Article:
Nutrition & Weight

This section will cover general guidance and some local links. We plan to interview local experts in the fields of nutrition and weight management to pass on their top tips too. Contact us if you have any suggestions about what else you’d like to see in this section.

  • What’s your relationship with food?

    Our relationship with food and our bodies is often very complex; with emotional patterns operating at a subconscious level. It is important that we build relationships with our bodies that allow us to nurture ourselves and celebrate our individuality. It's not just about diet and exercise, often food is used as a coping strategy for handling difficult feelings – our extra weight can act as a buffer between us and these painful emotions. Some dieticians suggest that it can be useful to investigate the emotional desires around what you eat, eg by asking 'do I want something hot or cold; soft or crunchy?' before starting to prepare a meal or snack. Also, try noting your emotions as well as food intake in a food journal to see if there is link. Healthy diets do not have to be all about stringent calorie-counting but it's more about trying to find a place of balance where you are more in tune with your dietary needs.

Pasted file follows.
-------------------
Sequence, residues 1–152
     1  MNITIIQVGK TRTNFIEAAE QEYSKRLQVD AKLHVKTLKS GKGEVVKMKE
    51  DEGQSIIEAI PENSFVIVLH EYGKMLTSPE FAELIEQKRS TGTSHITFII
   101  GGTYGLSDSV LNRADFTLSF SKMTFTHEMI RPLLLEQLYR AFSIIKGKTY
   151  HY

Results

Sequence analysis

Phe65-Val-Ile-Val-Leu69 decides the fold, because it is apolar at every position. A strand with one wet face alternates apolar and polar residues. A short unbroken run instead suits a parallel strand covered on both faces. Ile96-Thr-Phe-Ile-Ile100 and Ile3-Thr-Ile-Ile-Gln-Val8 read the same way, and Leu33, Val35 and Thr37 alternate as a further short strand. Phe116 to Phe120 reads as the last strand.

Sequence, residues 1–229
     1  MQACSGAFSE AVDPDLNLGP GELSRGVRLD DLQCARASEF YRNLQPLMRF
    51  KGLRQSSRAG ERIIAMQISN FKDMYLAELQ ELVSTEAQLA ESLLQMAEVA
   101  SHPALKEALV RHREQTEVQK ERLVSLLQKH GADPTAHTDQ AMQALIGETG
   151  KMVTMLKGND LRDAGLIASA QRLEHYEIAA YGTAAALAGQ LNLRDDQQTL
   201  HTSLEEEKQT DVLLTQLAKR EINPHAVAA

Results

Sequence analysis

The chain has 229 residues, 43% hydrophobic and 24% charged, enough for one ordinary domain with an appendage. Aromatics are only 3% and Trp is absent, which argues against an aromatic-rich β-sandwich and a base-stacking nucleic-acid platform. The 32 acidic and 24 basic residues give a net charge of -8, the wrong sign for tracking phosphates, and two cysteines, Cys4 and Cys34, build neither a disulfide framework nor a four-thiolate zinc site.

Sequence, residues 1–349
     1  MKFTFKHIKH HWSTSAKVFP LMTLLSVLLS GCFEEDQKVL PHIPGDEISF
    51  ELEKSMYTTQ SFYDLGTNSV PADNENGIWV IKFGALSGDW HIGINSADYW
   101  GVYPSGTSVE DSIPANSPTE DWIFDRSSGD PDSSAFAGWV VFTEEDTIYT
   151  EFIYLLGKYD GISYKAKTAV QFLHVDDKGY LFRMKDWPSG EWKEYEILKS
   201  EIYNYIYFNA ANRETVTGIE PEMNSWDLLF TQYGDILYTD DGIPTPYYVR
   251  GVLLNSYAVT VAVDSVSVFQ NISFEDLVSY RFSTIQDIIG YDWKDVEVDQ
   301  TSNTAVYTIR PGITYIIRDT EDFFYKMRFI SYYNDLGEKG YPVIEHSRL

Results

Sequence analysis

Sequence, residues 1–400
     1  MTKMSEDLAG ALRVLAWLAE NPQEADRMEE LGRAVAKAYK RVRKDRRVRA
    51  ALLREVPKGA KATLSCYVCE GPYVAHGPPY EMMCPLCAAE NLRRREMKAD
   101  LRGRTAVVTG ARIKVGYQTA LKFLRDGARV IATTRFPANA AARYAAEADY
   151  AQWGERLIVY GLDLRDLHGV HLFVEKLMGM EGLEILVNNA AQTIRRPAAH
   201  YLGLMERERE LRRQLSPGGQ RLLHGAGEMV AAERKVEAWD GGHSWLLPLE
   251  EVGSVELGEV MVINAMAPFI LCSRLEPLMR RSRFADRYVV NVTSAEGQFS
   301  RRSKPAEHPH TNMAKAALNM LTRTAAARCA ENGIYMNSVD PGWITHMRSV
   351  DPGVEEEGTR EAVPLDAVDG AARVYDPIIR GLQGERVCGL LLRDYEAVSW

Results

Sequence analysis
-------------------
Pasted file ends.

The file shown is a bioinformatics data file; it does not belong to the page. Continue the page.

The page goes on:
• NHS Eatwell advice

    The NHS's 'Eatwell Plate' shows the different types of food people (but not very young children, who have different dietary needs) should eat to have a well-balanced and healthy diet. They are still recommending the 5-a-day rule for fruit and vegetables. There's plenty more information on their site.

  • The Livewell 2020 Diet

    If you're interested in guidelines that also focus on environmental benefits, the WWF have worked with the Rowett Institute of Nutrition & Health at Aberdeen University to produce the Livewell 2020 Diet: 

    • 35% fruit and vegetables
    • 29% bread, rice, potato, pasta and other starchy foods
    • 12% non-diary protein (4% meat; 4% beans and pulses; 3% fish: 1 % eggs; 0.3% nuts and seeds)
    • 9% food and drinks high in sugar and/or fat

    They suggests that you eat more seasonal, regionally-grown fruits, vegetables, more cereals, and less meat and highly-processed foods. The WWF also have a 7-day menu guide available if you need ideas – click here for link.

  • Local services

    If you have any issues with weight, your first port of call should be your GP. Also, there are various local programmes available including:

    Passport to Health (B&NES) – with access to a 12-week facility-based programme or community activator programme (link here)

    MEND Programme – for children from 5-13 years who are aiming to manage their weight. It's a free community programme based at the B&NES leisure centres but you must pre-register to reserve a space: